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Discussion Starter · #1 ·
I have a 6-month-old ds who is nursing to sleep which is fine with me. However, lately his nightwakings have been of the "where is my boob?" variety, that is, he won't go back to sleep without nursing. Also he's waking up more often. But I wonder if he's going through a growth spurt and is genuinely hungry.<br>
My question is, if you stopped nursing your dc to sleep, did it make a difference in their nightwakings? About three months ago, I read the NCSS and I had been making sure ds was awake but drowsy after his bedtime feeding when I moved him from his bed to the sidecarred crib. Then I stayed with him and soothed him to sleep by patting and talking to him in a quiet voice. But I stopped doing this because at the time, it seemed like he slept well even after nursing to sleep. Just wondering if I should try this again. It takes a lot more time and effort, and I'm already an exhausted working mama!<br><br>
Hannah
 

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I don't nurse to sleep anymore and while he sleeps longer for his first 'stint'.. the total amount of nightwaking has remained the same.
 

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I think wanting to nurse to sleep at this very young age is very normal. It could be for any number of reasons, a growth spurt, teething, hunger, THIRST (I get thirsty at night!) etc. etc. etc.<br><br>
For me the advice to put a baby to sleep "drowsy but awake" was a joke. The NCSS was not a book I found helpful. Nursing to sleep is normal and not a bad habit in my opinion.<br><br>
If I'm hearing you right, nursing to sleep is easier for you, is that right? I'd just ignore those voices that tell you it's a bad habit if that's the case. They are young for such a short time.
 

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Surely I can't have the only baby who prefers to kick out instead of nurse to sleep? It happened about 3 months.
 

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My DD stopped nursing to sleep at bedtime around 7 months. What I mean is, she would not nurse in order to go to sleep for the night. When she woke up during the night, yes, she would nurse back to sleep.<br><br>
Anyway, ever since she stopped nursing to sleep, bedtime has been much, much more challenging. And she has had far more frequent nightwakings, too. I never tried to make her stop nursing to sleep - she just decided she would rather crawl all over the bed once she had a full tummy, rather than nod off. I really miss her nursing to sleep and still wish she would go back to it. Mamas whose babies nurse to sleep at bedtime - you don't know how good you have it! I envy you!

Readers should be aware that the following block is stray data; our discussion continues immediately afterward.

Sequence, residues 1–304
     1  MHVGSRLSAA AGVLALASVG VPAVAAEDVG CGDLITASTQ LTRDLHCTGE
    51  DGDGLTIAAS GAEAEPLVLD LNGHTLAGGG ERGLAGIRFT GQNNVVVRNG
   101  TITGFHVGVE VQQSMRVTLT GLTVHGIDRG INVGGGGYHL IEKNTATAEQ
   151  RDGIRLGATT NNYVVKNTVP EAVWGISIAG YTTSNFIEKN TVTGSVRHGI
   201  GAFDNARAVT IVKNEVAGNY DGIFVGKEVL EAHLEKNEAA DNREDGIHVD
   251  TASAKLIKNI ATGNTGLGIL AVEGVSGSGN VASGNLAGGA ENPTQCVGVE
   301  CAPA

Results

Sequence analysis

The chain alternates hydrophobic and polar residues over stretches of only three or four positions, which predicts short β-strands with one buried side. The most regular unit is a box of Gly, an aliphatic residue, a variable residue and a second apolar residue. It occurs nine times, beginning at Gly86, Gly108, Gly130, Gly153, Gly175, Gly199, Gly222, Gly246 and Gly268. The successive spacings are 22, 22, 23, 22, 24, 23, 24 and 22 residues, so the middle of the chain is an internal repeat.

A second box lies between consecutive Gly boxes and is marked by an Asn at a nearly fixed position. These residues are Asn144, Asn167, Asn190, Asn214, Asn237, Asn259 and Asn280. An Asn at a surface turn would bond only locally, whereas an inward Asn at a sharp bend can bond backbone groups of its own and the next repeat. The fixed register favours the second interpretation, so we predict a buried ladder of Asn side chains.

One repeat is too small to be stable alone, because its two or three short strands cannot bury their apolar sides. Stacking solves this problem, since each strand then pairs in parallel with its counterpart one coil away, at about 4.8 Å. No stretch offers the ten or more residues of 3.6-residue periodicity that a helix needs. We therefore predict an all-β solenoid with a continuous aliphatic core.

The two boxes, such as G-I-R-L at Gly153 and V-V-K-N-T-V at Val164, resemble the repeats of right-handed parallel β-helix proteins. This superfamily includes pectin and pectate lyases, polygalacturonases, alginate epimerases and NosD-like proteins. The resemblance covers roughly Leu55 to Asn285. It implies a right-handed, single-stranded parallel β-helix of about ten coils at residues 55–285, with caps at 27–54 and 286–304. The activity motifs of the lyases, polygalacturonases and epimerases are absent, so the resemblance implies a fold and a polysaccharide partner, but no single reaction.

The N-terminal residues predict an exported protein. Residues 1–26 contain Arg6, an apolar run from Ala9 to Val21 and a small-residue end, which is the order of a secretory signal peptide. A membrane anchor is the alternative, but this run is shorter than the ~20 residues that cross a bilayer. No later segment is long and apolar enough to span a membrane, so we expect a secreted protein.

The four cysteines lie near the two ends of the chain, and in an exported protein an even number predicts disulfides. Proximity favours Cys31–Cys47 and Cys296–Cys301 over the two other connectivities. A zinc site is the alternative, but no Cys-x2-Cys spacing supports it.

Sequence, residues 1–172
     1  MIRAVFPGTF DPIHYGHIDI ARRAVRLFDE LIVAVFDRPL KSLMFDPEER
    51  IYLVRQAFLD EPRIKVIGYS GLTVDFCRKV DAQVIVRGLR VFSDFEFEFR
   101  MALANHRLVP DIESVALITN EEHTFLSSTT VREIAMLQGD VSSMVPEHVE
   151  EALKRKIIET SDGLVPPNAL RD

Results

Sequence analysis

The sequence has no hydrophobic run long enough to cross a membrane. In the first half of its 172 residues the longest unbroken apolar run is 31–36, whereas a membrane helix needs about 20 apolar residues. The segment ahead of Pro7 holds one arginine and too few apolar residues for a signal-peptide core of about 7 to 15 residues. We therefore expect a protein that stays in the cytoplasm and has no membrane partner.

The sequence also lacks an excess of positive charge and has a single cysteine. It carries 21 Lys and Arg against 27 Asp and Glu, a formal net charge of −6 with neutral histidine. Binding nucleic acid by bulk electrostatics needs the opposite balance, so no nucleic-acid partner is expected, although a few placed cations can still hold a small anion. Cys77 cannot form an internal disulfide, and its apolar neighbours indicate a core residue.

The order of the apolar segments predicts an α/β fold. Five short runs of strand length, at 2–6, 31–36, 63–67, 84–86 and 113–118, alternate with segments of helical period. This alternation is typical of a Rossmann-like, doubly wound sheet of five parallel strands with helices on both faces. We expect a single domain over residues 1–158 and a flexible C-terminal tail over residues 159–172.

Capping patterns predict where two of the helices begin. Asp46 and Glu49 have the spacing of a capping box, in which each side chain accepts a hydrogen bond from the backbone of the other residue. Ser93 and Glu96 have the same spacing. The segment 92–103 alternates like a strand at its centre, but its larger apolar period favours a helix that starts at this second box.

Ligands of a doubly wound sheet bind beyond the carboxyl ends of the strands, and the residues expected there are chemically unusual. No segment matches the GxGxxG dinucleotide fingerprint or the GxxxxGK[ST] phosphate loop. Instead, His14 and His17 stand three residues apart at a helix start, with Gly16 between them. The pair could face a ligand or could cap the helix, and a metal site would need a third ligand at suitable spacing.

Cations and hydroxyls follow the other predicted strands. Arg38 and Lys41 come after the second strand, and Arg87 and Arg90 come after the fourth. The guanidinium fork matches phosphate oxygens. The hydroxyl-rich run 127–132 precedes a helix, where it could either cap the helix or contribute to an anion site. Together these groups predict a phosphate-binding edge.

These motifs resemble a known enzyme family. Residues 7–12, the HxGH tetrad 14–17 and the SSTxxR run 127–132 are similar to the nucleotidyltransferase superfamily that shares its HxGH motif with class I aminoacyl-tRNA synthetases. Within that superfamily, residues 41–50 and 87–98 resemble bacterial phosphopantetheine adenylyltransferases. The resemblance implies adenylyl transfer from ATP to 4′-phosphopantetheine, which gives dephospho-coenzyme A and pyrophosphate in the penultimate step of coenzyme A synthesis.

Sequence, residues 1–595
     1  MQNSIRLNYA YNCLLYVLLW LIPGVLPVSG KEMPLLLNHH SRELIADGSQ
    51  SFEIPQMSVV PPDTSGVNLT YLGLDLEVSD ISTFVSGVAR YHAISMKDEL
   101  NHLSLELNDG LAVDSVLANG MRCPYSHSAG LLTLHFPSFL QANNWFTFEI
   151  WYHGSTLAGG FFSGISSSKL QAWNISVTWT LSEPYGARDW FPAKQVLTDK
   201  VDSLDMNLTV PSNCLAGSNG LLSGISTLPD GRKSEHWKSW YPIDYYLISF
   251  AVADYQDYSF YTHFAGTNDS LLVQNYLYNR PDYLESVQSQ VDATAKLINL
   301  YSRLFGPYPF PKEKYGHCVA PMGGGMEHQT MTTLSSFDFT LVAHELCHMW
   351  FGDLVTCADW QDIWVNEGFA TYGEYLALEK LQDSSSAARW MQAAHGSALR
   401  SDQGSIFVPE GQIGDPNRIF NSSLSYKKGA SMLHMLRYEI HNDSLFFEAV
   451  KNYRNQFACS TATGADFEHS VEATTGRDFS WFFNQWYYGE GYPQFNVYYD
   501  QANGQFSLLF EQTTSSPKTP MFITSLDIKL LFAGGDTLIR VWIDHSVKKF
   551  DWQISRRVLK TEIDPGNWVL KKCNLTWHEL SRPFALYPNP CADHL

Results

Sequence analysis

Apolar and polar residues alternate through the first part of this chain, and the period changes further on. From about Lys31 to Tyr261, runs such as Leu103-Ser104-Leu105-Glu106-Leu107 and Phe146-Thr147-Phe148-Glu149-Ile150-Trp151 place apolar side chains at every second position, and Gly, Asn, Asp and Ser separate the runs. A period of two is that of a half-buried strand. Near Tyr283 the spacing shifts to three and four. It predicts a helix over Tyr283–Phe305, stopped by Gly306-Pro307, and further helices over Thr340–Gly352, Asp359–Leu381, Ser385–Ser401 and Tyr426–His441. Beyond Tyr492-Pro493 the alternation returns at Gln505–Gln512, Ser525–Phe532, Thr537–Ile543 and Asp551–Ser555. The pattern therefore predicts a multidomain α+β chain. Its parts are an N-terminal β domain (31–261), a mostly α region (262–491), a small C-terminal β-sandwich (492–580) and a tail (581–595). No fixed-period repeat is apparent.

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Discussion Starter · #7 ·
I guess when I say 'not nursing to sleep' I mean that I would still give ds a complete feeding right at bedtime, but make sure that he is aware that I am putting him in his crib. I guess I will not mess with our routine. My ds is really active so I can see him crawling all over the bed even with a full tummy, too. <img alt="" class="inlineimg" src="http://www.mothering.com/discussions/images/smilies/smile.gif" style="border:0px solid;" title="smile">
 

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<div>Originally Posted by <strong>hannahi</strong> <a href="/community/forum/post/6481763"><img alt="View Post" class="inlineimg" src="/community/img/forum/go_quote.gif" style="border:0px solid;"></a></div>
<div style="font-style:italic;">I guess when I say 'not nursing to sleep' I mean that I would still give ds a complete feeding right at bedtime, but make sure that he is aware that I am putting him in his crib.</div>
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I do not agree with that approach.<br><br>
-Angela
 

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I quit nursing my son to sleep at about 6 months. He was waking every night about 45 minutes after we put him down, and thus would begin 1-2 hours of rocking/nursing/shushing/consoling to get him back to sleep. It was very frustrating. Once I moved his final nursing of the day to immediately before his bathtime, he quit waking at that 45-minute mark.<br><br>